The Japanese value appearances as much as any other East Asian does. When in Tokyo, it might be best to dress as the Tokyoites do. After all, it’s easier to approach a local, and ask for directions, when you feel irredeemably lost, if you feel confident that you look decent enough to be received well.
Tokyoites always present themselves well, maybe as well as the Milanese do, but somehow with the nonchalance of the Parisians.
A sense of individuality permeates the overarching sense of style. Minimalism may be painted all over Stockholm; pragmatism may reign supreme in Amsterdam’s streets; and classy may spell Parisian. But, Tokyo’s scene is difficult to typify. In the city, fashion can be polarizing. And no, honey, Lolita is not the universal fare, even in Harajuku or Akihabara.
Popular trends see through different reinterpretations in Tokyoites’ hands. If you want to experiment with style combinations, but cannot do so at home, Tokyo may be the best place to do a trial run. Trying not to commit fashion faux pas is not something Tokyoites are too preoccupied with. Some would go as far as to say that hipsters have already gone mainstream in Japan, before the world thought about keeping up.
Style Foundation : The Clothes
If you expect to do some shopping or stay anywhere indoors while out and about, dress in layers that would be easy to peel off. The Japanese seem to be fond of keeping the temperature indoors awfully high. You’ll notice how they keep heaters at full blast, while shopping in Hankyu or Mitsukoshi dead in the middle of winter.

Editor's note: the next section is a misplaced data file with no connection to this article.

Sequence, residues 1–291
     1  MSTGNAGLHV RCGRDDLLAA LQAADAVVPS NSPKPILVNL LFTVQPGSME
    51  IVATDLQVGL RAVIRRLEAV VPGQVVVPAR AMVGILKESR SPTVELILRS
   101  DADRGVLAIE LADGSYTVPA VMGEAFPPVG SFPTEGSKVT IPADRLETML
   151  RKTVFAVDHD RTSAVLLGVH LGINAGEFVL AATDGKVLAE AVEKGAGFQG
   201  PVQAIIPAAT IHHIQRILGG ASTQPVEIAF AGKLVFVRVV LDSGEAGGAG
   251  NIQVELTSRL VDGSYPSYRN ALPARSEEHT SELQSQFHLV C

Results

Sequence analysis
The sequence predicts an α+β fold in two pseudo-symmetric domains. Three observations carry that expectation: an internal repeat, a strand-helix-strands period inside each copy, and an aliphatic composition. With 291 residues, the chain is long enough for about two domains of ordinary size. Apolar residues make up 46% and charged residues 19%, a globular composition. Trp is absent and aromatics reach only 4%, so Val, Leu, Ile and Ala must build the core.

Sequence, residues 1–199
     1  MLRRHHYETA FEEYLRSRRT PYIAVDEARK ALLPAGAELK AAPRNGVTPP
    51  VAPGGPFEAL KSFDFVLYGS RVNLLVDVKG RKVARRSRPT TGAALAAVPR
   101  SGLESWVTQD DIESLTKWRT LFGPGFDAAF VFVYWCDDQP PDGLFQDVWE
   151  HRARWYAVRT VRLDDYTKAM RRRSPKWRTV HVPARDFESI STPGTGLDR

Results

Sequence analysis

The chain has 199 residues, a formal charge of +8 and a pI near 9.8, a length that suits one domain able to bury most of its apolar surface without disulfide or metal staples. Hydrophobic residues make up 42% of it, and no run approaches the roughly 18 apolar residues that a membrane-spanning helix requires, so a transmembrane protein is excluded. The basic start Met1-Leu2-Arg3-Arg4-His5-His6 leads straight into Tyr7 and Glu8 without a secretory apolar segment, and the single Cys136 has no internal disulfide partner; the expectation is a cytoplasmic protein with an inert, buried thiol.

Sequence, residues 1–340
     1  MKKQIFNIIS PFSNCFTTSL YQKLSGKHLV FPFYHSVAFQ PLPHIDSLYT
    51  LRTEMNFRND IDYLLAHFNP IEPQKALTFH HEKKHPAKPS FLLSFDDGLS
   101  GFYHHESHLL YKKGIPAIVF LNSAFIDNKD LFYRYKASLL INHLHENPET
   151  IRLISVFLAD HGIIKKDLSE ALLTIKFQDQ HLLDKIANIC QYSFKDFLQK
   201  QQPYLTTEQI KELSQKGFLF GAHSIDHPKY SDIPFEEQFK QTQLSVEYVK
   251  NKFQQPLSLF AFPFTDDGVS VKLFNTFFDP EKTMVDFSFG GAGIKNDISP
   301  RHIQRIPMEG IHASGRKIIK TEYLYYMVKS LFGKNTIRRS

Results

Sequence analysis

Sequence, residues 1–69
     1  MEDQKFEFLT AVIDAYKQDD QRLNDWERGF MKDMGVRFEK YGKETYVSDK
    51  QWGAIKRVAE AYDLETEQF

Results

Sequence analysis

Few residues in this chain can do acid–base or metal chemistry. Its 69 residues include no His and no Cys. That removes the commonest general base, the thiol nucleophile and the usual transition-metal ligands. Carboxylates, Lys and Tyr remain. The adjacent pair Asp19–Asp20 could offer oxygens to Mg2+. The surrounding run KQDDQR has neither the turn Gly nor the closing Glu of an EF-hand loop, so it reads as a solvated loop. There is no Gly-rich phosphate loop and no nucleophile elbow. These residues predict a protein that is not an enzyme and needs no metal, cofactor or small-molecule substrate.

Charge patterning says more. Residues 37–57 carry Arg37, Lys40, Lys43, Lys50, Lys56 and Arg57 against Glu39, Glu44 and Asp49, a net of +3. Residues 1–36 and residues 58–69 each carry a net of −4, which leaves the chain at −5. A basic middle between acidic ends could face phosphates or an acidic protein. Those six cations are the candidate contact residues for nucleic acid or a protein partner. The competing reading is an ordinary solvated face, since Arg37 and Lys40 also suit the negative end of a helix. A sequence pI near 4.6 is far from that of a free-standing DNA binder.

For occasions when you want to look prim and proper – a business meeting, perhaps – go for fail-safe black or grey. Customarily, black is the most formal color. A lot of people associate it with work garb, though. Navy and dark brown suits on men look less intimidating. Khaki tones, on the other hand, might be a bit too casual for business settings, but welcome for intimate dinners and similar social functions.
Style Foundation : The Bag
For the ladies
No need to forget that Chanel Boy at home. The Japanese do not seem offended by, nor do they gawk at luxury. Birkins, fox fur, and supple leather pants (on men!) sometimes make cameos in train platforms on quieter hours.
On another note, it seems safe to use tote bags (yes, the Neverfull types), unlike in Barcelona or in Phnom Penh.
For the Gentlemen
On weekdays, men are fond of leather satchels. On weekends, they seem to prefer canvas totes. Whether they be dressed in business formal or in date casual, Porter seems to be the brand of choice.
If you plan to take the train on a rush hour, do not ever bring a huge backpack. Not only will you leave the train with a squished bag, but you’ll also inconvenience fellow commuters who most probably are on their way to work. If need be, put the huge backpack in front of you.
Style Foundation : The Shoes
Although walkways do not come cobblestoned, it would be best to wear comfortable shoes – flats and almond-toe boots for the ladies, or sneakers and loafers for the gentlemen, perhaps? It might be best to leave cigarette heels and toe-pinching wingtips behind.
Feel free to share photos of your When in Tokyo outfit with us! We’d be delighted to find out how you do it. Tag us on Instagram or drop us an e-mail. Hear from you soon!